Senecio radicans-String of Bananas

Senecio radicans on 9-22-11, #80-20.

String of Bananas, etc.

Senecio radicans

sen-ek-ee-o   RAD-ee-kans

Senecio radicans (L.f.) Sch.Bip. is the correct and accepted scientific name for this species of Senecio. It was described by Carl (Karl) Heinrich ‘Bipontinus’ Schultz in Flora in 1845. It was first named Cacalia radicans by Carl von Linnaeus the Younger and described in Supplementum Plantarum in 1782. Carl von Linnaeus the Younger was the son of Carl von Linnaeus.

If I remember correctly, my good friend from Mississippi, Kyle Hall, was with me plant shopping at Lowe’s sometime in 2011 or even earlier. I think he bought this plant then later gave it to me. Anyway, all I can say is that it was weird. 

I always kept it hanging in the Crape Myrtle tree behind the den because this plant likes filtered light. One time I checked the soil and it was as hard as a brick. An attempt to repot this plant was a complete disaster. I finally took it out to the clothes line and hung every piece across the wires. Then, one by one, I attempted to put every stem back in the pot. Well, that was very difficult because this plant has WEIRD roots! I finally got it done and it was OK for a while.

The other problem was the seed pods from the Crape Myrtle fell into the pot. One day a squirrel jumped in the pot and all the stems of this plant wound up on the ground. Then I had to put the plants back in the pot AGAIN! That wasn’t a problem when the potting was hard. I never understood how the soil became so hard…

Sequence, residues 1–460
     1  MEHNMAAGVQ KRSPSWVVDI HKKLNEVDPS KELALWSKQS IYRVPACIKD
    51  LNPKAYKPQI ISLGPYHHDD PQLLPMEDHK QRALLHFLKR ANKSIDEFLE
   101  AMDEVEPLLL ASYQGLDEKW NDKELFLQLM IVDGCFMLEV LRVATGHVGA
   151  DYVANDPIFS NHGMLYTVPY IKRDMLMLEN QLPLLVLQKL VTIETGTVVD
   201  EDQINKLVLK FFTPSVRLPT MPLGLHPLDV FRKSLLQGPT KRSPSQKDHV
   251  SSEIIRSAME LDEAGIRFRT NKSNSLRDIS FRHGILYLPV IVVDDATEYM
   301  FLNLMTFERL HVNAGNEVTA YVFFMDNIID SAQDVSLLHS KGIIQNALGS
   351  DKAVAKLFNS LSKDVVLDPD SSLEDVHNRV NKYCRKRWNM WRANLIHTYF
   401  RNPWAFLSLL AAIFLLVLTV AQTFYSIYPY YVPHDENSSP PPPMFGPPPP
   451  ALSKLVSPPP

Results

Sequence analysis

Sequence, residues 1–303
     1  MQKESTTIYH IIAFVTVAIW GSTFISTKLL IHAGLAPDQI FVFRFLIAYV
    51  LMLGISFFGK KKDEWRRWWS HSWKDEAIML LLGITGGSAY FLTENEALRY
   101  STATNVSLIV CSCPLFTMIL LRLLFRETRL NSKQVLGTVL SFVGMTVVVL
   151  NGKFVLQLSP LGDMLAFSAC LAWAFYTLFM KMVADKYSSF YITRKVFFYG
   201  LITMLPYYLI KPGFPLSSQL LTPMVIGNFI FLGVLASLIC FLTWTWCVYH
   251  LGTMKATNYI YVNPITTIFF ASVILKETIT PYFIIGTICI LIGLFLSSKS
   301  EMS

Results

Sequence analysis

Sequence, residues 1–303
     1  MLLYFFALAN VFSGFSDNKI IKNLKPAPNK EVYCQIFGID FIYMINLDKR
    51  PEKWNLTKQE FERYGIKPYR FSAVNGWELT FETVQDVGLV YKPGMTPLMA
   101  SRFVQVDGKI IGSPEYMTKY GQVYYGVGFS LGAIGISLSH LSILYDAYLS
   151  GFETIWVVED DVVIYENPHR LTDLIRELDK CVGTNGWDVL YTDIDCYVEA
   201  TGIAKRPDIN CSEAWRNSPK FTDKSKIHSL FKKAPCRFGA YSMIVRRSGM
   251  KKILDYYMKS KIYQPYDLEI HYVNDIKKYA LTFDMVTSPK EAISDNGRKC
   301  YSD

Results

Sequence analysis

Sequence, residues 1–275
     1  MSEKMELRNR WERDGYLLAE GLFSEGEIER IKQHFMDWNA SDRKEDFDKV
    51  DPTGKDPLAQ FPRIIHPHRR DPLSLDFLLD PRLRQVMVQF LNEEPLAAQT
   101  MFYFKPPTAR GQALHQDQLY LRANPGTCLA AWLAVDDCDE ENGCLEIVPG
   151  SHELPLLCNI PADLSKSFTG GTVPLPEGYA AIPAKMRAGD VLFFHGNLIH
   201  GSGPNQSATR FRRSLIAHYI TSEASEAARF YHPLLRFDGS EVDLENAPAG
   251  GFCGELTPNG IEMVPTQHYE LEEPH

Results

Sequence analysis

The other thing I didn’t like about this plant was how the leaves fell off the older part of the stem. It left about 2 feet of bare stem and maybe a foot with leaves. 

Family: Asteraceae
Origin: Africa
Zones: USDA Zones 10a-11 (30 to 40° F)
Size: Hmmm…
Light: Light Shade
Soil: Well-draining potting mix amended with extra grit and pumice or perlite.
Water: Average. Water when soil is dry on top. Soil should not completely dry out but not wet.

The Senecio radicans has leaves that are supposedly transparent that allows light to shine through them. They are fairly fast growing and their stems (vines) can reach at least 36” long. They produce tiny white, yellow or lavender flowers during the fall and winter months.

Some people mistake this plant for the String Pearls which is the Senecio rowleyanus. Many websites list it as one of the common names of Senecio radicans.

Although websites say the plant is easily propagated by stem cuttings, I never had much luck with that.

Information also says the Senecio radicans goes through it’s dormancy during the winter but my dormancy table says they are summer dormant. How can they flower during the winter if they are dormant? Anyway, whether they are summer or winter dormant, most succulents rest somewhat in both seasons. If they are summer dormant, they also rest during the winter. If they are winter dormant, they also have a rest period in the middle of the summer. They do most of their growing in the spring and fall.

I mentioned above that the Senecio radicans in my care lost most of its upper leaves. There are many really nice looking, fully leaved plants online. 

Maybe someday, in better conditions, I will give this plant another shot. Maybe in the Philippines. 🙂

I hope you enjoyed this page and maybe found it useful. If you have any comments, questions or suggestions, I would like to hear from you. Please click on “like” if you visited this page. It helps us bloggers stay motivated. 🙂 You can check out the links below for further reading. The links take you directly to the genus and species of this plant.


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